DARREN SULTAN of West Orange was one of 11 Yeshiva University undergraduates selected to participate in the Summer Undergraduate Research Program for advanced biomedical study at YU’s Albert Einstein College of Medicine.
The program, which ran through the end of July, gave Sultan, he said, “exposure to many exciting developments in biochemistry.”
Directed by Dr. Victoria Freedman, Einstein’s associate dean for graduate programs in the biomedical sciences, and Dr. Barry Potvin, professor of biology at Yeshiva College and visiting professor in the cell biology department at Einstein, the program drew a total 58 students to engage in cutting-edge scientific studies. The students receive hands-on research experience normally reserved for graduate-level work in their fields of interest — from neuroscience to epidemiology to microbiology.
The program aims “to provide each student with the opportunity to experience the many rewards and challenges of biomedical research,” said Potvin. “It is hoped that some will decide to include research in their future career plans and that they will apply for admission to Einstein’s MD, PhD, or MD/PhD programs.”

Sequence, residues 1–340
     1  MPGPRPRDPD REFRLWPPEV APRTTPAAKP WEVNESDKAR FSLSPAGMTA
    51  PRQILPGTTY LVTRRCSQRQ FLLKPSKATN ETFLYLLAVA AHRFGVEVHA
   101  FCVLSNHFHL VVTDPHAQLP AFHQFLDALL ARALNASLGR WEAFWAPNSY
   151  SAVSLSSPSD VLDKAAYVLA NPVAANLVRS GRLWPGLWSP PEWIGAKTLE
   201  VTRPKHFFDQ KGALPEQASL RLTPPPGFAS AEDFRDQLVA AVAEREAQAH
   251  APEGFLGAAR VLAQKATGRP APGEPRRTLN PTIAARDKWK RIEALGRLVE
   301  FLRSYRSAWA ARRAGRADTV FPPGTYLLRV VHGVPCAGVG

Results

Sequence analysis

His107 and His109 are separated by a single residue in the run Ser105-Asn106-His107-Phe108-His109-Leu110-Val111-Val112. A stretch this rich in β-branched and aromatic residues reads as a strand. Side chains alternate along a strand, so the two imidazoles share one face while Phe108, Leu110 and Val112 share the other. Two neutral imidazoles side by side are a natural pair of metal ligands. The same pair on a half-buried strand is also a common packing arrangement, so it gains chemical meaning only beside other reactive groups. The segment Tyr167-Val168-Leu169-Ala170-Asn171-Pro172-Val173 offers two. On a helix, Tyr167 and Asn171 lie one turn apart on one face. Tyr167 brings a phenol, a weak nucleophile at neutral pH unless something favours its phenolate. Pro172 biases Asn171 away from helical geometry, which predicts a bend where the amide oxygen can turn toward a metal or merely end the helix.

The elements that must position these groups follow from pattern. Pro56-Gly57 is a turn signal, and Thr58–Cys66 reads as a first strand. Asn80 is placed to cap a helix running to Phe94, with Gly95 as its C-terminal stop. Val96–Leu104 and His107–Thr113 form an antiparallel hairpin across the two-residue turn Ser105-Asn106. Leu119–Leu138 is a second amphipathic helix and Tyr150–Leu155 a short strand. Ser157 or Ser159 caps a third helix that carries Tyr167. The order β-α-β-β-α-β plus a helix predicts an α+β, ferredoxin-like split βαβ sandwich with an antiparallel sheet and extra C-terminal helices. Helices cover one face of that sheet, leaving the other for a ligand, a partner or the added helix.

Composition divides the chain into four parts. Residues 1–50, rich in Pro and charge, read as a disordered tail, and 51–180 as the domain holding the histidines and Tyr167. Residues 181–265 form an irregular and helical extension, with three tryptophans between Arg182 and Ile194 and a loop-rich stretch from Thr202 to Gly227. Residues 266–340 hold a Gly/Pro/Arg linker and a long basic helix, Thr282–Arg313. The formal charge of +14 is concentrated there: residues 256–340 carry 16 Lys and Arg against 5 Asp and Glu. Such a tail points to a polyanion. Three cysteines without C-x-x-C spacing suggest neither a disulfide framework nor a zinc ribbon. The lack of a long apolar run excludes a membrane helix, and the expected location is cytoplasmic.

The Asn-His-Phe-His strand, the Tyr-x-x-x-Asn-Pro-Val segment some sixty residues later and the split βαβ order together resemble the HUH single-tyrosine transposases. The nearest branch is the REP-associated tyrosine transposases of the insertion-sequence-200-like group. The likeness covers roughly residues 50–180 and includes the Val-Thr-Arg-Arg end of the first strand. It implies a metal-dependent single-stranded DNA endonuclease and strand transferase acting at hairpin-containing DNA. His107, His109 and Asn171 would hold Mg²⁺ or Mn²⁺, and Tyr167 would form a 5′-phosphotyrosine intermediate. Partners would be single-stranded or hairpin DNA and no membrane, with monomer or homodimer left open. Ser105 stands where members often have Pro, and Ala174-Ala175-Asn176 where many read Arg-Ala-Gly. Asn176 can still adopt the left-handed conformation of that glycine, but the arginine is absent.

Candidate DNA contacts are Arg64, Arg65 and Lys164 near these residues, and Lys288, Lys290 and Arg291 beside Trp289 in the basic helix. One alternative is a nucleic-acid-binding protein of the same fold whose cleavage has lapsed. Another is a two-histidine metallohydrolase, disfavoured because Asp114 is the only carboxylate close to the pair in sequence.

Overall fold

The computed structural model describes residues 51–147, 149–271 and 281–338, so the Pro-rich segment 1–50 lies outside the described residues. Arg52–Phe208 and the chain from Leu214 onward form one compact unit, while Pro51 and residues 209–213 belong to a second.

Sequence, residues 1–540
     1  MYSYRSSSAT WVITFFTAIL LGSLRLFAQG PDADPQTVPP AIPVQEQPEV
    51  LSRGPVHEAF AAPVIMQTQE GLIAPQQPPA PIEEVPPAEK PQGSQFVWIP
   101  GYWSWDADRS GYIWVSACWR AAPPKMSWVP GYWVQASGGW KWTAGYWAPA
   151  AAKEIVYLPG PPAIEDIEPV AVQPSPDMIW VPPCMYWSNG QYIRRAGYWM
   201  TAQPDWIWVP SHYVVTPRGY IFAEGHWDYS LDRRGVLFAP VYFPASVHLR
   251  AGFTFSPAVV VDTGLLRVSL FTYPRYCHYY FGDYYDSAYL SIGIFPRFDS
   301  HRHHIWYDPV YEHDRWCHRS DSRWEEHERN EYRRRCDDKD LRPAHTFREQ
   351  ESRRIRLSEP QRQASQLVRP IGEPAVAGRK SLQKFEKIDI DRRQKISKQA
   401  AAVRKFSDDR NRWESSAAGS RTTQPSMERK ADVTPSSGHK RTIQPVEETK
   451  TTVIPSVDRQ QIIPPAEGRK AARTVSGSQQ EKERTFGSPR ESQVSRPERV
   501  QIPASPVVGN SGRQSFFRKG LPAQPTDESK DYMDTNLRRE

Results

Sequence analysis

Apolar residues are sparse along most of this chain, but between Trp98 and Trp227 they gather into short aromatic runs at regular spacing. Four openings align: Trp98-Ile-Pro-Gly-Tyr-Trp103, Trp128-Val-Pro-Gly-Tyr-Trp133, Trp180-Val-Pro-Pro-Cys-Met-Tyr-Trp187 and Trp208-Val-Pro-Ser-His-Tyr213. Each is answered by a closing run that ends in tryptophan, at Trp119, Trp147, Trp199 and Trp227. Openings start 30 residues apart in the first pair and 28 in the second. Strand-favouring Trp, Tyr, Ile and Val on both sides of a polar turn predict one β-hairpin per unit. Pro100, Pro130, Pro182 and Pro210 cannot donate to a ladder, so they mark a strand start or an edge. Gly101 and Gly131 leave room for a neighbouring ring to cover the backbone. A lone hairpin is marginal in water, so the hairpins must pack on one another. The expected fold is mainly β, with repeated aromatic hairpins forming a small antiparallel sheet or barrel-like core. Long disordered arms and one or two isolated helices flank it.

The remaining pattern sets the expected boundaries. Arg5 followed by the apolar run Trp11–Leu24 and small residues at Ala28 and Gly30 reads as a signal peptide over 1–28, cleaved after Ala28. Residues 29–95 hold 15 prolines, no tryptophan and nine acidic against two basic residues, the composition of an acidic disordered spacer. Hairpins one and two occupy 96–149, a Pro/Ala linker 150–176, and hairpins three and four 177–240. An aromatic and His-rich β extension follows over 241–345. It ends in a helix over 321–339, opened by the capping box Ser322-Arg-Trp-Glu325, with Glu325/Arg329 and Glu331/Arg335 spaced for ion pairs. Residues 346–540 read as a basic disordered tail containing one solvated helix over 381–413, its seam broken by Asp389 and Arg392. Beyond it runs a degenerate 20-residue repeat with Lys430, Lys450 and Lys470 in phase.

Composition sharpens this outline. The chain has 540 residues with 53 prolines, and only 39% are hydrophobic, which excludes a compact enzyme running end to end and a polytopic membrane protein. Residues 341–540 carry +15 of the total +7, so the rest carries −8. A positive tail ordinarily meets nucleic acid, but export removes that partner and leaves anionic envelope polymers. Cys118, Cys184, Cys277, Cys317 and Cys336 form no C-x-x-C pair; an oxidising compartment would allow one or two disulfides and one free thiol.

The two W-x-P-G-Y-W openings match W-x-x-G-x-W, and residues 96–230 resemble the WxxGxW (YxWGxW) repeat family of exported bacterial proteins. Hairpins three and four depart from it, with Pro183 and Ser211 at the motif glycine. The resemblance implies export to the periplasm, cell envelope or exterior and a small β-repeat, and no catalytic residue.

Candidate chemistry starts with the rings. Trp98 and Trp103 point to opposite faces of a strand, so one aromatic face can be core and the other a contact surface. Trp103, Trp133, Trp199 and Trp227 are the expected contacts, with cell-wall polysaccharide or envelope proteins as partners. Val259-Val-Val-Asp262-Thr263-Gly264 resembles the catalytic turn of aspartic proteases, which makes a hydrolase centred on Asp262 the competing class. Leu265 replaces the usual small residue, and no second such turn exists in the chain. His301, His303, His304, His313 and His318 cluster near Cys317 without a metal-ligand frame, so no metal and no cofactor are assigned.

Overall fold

“While I want to pursue a career in medicine that is mostly clinically based,” said Sultan, “I think it is important to get some experience with research because research forms the foundations of what we know regarding medicine.”
A chemistry major at Yeshiva College, Sultan worked in a lab that uses click chemistry reactions to visualize the sugars in live cells to better understand how those sugars are processed by the cells. Sultan was awarded a scholarship through the Roth Institute Scholars Program, funded by the Ernst and Hedwig Roth Institute of Biomedical Science Education at YU. Students are provided with a stipend and on-campus housing at Einstein while group seminars and workshops give a broad overview of the many types of research conducted at Einstein. In August, the students share their work as part of a poster session.
“Research experience is also great training for anyone interested in a career in science no matter the particular path that one may be interested in,” said Sultan, who added that he is considering a career in surgery.
— LARA MOEHLMAN